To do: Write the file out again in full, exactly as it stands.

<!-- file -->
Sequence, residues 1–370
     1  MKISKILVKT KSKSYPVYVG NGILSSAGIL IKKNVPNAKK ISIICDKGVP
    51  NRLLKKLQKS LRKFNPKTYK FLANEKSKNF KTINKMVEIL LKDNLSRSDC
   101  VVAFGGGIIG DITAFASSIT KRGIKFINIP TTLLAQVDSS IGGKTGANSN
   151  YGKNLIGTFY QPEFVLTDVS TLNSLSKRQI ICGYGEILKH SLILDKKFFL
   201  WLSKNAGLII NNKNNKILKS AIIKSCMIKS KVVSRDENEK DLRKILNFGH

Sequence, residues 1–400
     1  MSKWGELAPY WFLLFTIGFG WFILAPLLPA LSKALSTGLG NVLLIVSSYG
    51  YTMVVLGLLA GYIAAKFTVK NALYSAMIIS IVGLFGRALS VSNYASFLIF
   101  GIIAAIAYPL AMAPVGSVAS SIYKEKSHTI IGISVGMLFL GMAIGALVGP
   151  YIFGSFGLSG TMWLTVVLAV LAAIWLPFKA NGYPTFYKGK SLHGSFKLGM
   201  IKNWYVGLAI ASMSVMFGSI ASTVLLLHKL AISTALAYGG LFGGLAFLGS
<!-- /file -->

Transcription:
Sequence, residues 1–370
     1  MKISKILVKT KSKSYPVYVG NGILSSAGIL IKKNVPNAKK ISIICDKGVP
    51  NRLLKKLQKS LRKFNPKTYK FLANEKSKNF KTINKMVEIL LKDNLSRSDC
   101  VVAFGGGIIG DITAFASSIT KRGIKFINIP TTLLAQVDSS IGGKTGANSN
   151  YGKNLIGTFY QPEFVLTDVS TLNSLSKRQI ICGYGEILKH SLILDKKFFL
   201  WLSKNAGLII NNKNNKILKS AIIKSCMIKS KVVSRDENEK DLRKILNFGH

Sequence, residues 1–400
     1  MSKWGELAPY WFLLFTIGFG WFILAPLLPA LSKALSTGLG NVLLIVSSYG
    51  YTMVVLGLLA GYIAAKFTVK NALYSAMIIS IVGLFGRALS VSNYASFLIF
   101  GIIAAIAYPL AMAPVGSVAS SIYKEKSHTI IGISVGMLFL GMAIGALVGP
   151  YIFGSFGLSG TMWLTVVLAV LAAIWLPFKA NGYPTFYKGK SLHGSFKLGM
   201  IKNWYVGLAI ASMSVMFGSI ASTVLLLHKL AISTALAYGG LFGGLAFLGS